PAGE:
Phyllis Bursh Elected First African-American School Board Prez in Monty
The Montgomery Township School Board elected Phyllis Bursh, a self-described stay-at-home mom, president at its meeting on Tuesday. The board also elected Ranjana R. Rao to serve as vice president.
The presidency became available after Joanne Tonkin resigned from her position as president on August 10 citing personal reasons.
Bursh becomes the the first African-American president to serve on the Montgomery School Board.
Bursh is highly educated, having earned a bachelor’s degree in psychology from Harvard - Radcliffe Colleges and a law degree from University of California’s Hastings College of the Law in San Francisco, California. She attended law school with Democratic vice presidential nominee Kamala Harris.
“Harris was president of the Black Student Association, of which I was a member,” Bursh said in a telephone interview.
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Like Harris, Bursh is a pioneer, having blazed a trail to the top of the public education system in Montgomery Township — a wealthy and highly-educated school district.
Such a journey takes grit and a bit of rebel, two qualities Bursh appears to possess under the radar of her relaxed, soft-spoken and mild-mannered demeanor.
“I’m amazed at how the Montgomery community has been willing to change and support the issues of inclusion,” Bursh said about her presidency. “It’s been exciting to watch the board, staff, teachers, and administration embrace change.”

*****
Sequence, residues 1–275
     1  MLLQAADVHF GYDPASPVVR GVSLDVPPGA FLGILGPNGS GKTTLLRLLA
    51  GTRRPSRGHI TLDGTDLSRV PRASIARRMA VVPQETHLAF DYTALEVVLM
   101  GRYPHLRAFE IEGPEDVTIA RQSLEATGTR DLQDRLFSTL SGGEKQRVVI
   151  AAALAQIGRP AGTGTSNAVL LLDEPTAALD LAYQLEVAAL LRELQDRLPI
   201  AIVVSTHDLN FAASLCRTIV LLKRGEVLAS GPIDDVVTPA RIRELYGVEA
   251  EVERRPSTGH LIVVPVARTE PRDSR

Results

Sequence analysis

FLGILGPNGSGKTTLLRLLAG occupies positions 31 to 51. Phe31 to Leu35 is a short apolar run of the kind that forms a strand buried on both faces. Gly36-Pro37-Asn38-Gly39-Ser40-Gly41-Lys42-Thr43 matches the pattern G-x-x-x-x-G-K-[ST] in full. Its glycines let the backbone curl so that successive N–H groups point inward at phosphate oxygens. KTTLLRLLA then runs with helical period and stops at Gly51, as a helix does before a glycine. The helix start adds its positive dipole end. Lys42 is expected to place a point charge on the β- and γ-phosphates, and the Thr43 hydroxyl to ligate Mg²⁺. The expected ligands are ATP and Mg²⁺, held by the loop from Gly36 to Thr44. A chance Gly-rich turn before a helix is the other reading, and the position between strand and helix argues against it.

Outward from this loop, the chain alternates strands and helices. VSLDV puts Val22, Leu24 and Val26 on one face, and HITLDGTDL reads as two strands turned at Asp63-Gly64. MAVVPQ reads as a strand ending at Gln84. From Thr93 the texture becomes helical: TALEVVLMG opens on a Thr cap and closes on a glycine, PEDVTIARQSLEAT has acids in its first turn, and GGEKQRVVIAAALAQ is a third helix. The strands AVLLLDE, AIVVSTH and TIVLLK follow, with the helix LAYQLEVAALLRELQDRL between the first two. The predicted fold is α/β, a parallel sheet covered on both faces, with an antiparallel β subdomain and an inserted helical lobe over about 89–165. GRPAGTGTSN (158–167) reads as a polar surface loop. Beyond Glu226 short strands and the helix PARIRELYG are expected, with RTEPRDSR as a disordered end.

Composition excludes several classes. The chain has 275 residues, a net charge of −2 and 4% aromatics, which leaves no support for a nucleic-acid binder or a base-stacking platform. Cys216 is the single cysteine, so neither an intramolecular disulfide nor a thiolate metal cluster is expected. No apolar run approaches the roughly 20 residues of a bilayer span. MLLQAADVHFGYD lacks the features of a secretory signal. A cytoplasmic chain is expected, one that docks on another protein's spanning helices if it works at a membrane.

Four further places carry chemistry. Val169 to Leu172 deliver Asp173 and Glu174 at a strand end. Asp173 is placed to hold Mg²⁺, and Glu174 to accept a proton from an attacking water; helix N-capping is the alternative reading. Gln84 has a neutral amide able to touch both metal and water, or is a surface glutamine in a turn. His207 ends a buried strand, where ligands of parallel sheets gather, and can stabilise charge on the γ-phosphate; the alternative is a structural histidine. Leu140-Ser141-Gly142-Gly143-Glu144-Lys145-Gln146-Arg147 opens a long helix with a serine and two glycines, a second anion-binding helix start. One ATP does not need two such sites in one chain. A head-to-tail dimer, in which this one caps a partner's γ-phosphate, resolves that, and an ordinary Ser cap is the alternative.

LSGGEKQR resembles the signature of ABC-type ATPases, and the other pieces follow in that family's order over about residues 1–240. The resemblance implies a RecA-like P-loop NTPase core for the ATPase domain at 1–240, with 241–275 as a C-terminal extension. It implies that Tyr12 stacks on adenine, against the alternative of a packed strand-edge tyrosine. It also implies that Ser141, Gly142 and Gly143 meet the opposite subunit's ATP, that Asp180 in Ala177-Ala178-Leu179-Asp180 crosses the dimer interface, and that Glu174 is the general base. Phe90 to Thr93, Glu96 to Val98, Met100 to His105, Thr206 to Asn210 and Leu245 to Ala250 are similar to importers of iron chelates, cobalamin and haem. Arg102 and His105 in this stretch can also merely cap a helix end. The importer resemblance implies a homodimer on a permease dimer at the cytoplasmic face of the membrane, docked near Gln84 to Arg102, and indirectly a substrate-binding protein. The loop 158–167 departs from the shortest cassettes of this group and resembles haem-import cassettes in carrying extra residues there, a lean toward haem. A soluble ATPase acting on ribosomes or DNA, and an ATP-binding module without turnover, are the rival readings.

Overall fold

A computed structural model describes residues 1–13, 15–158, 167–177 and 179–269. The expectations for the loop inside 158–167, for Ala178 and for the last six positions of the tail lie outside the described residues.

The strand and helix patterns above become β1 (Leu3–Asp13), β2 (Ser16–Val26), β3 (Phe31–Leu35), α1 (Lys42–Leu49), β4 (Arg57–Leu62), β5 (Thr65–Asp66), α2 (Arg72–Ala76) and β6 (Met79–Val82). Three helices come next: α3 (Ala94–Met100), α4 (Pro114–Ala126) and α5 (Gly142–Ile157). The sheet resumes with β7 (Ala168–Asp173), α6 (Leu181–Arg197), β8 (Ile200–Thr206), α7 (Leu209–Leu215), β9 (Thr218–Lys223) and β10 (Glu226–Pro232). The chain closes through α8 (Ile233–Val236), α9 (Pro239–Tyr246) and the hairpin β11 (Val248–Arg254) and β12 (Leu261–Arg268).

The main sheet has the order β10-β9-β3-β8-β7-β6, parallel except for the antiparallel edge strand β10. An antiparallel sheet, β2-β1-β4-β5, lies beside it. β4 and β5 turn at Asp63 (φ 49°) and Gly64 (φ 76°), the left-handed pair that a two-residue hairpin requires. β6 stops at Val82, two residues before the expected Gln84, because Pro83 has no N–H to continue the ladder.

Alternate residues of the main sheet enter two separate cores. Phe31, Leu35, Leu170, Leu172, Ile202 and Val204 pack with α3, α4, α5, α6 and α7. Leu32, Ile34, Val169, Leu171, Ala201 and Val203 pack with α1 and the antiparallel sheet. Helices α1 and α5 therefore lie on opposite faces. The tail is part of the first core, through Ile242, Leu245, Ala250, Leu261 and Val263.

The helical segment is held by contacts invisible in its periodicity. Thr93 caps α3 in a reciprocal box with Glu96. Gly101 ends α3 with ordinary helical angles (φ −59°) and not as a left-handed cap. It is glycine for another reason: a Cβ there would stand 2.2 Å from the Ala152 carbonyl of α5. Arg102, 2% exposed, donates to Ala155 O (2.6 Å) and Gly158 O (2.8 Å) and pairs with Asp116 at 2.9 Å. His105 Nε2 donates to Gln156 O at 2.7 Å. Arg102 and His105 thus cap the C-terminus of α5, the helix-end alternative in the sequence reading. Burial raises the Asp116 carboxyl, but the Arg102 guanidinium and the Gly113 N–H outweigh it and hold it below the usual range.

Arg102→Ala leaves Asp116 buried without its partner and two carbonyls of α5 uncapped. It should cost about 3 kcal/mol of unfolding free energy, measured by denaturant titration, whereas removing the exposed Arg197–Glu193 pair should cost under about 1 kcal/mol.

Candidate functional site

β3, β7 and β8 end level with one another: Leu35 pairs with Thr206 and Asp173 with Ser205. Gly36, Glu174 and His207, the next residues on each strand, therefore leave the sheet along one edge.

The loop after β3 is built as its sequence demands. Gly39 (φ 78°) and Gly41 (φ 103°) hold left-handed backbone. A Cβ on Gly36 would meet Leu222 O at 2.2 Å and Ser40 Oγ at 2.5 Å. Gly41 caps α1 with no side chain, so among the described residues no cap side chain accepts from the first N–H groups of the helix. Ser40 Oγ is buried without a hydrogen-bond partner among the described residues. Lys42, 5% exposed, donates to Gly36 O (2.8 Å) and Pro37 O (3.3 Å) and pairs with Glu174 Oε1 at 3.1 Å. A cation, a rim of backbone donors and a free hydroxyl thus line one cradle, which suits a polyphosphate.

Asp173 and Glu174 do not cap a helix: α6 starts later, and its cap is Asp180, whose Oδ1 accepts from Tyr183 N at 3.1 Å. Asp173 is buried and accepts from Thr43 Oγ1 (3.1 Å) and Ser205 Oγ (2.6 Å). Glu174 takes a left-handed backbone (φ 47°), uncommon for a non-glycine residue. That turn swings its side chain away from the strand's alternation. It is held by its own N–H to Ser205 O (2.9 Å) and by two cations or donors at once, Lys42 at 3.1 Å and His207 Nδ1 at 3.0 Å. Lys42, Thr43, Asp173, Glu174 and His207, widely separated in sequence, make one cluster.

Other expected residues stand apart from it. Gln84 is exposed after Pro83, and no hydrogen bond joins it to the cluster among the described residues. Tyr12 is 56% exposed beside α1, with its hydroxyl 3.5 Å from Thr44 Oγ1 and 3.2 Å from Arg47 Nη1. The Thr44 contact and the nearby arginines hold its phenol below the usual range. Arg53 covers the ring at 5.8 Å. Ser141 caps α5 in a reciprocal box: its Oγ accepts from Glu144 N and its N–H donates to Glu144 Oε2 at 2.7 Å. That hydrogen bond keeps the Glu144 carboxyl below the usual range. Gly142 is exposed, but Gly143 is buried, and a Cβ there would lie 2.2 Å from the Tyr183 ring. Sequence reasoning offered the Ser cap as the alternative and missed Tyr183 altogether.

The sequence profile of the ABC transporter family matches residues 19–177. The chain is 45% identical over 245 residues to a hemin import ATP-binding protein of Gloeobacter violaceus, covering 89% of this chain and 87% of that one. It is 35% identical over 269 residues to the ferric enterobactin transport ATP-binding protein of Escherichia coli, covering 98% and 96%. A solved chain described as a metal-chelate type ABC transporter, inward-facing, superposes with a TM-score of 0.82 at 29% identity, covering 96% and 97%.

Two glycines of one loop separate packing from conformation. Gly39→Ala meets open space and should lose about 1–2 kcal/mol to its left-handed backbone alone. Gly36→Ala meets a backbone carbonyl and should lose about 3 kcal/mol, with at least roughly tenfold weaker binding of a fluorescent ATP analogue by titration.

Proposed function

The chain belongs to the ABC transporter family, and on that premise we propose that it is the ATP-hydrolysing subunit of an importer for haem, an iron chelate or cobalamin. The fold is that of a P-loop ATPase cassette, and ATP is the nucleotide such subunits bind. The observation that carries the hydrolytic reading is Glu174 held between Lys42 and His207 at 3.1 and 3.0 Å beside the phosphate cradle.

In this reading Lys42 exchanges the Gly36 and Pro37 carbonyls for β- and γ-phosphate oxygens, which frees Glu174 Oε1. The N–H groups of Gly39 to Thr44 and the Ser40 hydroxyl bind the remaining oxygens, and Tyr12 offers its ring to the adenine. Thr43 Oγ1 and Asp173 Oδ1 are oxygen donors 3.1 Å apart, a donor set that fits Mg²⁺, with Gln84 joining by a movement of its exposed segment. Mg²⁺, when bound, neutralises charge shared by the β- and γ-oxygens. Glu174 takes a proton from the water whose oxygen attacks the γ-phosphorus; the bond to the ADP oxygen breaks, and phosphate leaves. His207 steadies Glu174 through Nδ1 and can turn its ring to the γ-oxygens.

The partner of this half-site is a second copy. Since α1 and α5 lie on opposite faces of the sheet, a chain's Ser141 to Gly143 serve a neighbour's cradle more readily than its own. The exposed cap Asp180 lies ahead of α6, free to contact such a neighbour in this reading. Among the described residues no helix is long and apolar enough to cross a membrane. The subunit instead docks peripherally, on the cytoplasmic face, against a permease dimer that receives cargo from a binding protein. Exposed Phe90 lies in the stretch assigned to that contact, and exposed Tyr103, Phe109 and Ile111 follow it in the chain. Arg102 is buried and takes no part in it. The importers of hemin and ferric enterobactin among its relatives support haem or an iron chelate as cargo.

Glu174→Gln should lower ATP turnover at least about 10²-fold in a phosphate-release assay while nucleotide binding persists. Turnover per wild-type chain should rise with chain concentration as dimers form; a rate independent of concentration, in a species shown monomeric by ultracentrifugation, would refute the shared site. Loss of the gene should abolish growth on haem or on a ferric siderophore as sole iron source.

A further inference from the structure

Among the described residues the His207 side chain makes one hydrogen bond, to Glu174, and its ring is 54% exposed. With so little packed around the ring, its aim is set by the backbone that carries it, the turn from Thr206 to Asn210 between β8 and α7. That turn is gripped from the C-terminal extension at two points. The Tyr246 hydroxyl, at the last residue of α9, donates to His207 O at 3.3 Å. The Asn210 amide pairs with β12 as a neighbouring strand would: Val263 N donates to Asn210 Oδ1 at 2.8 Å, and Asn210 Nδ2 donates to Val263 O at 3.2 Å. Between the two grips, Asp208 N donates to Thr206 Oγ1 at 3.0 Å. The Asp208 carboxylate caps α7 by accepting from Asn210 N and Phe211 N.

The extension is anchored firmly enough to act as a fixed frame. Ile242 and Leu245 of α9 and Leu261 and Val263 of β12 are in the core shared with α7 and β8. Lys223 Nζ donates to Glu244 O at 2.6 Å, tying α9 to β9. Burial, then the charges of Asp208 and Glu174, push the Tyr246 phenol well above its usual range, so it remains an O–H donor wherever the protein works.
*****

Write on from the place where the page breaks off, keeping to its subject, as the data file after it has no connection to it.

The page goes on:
Bursh and her family family moved to Skillman 15 years ago. Her son attended Montgomery schools from K-12.
Sandra M. Donnay, a Montgomery resident and the first black person to serve on the Montgomery School Board, was among the first to congratulate Bursh.
“I am very excited that tonight, Phyllis Bursh was nominated and sworn in as BOE president,” Donnay told The Montgomery News.
“Although other minorities have served as BOE president, Phyllis will be the first African-American board president. As far as anyone knows, I was the first black BOE member and Phyllis was the second.
“Just to put some context around my excitement. During my tenure I received unbelievable resistance to my initiatives to prevent bullying of African American students and to close the achievement gap. Phyllis attended every board meeting to support me.
“She tried to get on the board during that time but those in power at that time launched massive campaigns against her candidacy," Donnay said. "Now she is president of the board! I am unbelievably excited!” ■